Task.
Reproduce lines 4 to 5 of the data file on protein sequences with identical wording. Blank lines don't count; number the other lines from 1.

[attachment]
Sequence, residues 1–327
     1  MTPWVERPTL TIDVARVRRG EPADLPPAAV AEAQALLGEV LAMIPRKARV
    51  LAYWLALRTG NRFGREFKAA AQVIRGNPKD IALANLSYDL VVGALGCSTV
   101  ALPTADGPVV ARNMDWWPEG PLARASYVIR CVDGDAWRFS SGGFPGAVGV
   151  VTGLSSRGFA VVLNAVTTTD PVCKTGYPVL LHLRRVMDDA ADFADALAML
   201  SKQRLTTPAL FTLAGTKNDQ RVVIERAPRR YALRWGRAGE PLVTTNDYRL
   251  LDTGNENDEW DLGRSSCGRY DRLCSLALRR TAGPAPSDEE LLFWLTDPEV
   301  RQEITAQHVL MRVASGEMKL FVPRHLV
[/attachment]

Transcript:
   101  ALPTADGPVV ARNMDWWPEG PLARASYVIR CVDGDAWRFS SGGFPGAVGV
   151  VTGLSSRGFA VVLNAVTTTD PVCKTGYPVL LHLRRVMDDA ADFADALAML